It is a well-established fact that Bitcoin needs significantly higher electricity, which is utilized by miners globally for running the computer system necessary for network maintenance and payment validation.
According to fresh estimates released by researchers at the University of Cambridge, Bitcoin consumes more energy than the entire Swiss nation. An online tool launched last week called the Cambridge Bitcoin Electricity Consumption Index (CBECI) estimates how much energy is needed to maintain the Bitcoin network in real time.
The index has been developed in response to growing concerns over the sustainability and environmental impact of Bitcoin mining, which relies on computation-heavy cryptographic operations that require significant amounts of electricity.
The CBECI is currently saying that the worldwide Bitcoin network consumes more than 7 gigawatts of electricity. Over the course of a year, the energy consumption is about 64 TWh or terawatt hours. This is more than Switzerland utilizes over the same span of time (58 TWh a year). As noted in the official blog post that announced the CBECI:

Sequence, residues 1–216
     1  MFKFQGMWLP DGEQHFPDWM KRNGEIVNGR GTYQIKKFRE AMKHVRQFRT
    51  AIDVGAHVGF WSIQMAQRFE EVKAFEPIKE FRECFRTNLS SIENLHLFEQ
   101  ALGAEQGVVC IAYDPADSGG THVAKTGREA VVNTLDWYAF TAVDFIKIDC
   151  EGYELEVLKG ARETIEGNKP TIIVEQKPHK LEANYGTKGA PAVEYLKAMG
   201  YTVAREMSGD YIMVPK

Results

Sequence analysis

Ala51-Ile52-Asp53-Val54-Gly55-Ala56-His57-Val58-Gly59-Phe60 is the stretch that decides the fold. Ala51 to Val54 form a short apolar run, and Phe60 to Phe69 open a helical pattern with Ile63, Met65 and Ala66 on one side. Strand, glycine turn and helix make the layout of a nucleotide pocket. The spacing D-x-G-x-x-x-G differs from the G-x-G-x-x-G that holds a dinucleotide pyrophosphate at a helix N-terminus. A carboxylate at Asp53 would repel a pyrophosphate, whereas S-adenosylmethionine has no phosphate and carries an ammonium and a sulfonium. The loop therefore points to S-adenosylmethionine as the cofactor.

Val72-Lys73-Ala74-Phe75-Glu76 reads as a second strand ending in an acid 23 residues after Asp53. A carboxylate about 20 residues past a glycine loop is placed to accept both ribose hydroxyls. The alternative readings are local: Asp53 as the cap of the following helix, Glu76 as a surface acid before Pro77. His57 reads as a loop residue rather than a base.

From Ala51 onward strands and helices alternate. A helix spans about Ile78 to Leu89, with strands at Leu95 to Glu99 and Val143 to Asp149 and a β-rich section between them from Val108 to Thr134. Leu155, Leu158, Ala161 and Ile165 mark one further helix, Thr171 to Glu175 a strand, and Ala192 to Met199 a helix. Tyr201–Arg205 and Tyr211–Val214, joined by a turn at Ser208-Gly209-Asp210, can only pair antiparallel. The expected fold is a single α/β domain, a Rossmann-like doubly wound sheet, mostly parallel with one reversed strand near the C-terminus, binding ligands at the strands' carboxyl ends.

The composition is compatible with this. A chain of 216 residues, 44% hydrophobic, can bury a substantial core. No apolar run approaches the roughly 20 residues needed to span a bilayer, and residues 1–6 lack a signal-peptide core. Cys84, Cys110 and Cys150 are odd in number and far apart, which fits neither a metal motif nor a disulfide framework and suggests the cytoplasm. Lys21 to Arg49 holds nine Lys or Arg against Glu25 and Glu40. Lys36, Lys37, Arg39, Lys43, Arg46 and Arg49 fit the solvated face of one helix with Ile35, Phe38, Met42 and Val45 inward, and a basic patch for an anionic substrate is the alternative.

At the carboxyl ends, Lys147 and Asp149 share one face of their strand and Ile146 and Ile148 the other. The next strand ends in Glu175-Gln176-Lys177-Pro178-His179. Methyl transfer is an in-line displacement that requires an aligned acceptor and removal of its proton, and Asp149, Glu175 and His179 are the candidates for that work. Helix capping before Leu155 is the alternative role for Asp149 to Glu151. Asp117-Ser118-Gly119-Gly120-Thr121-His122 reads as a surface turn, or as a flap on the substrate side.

Reliable estimates of Bitcoin’s electricity usage are rare: in most cases, they only provide a one-time snapshot and the numbers often show substantial discrepancies from one model to another.
Although the figures are estimated, it certainly evokes many questions and concerns over the environmental effects, especially the massive carbon footprint that such a huge energy consumption can lead to considering that the bitcoin is not widely used- imagine the environmental effects bitcoin would produce if it is the only currency in the world. This kind of study certainly gives a wake-up call to bitcoin fanatics who want the cryptocurrency to be the sole tender of the world.
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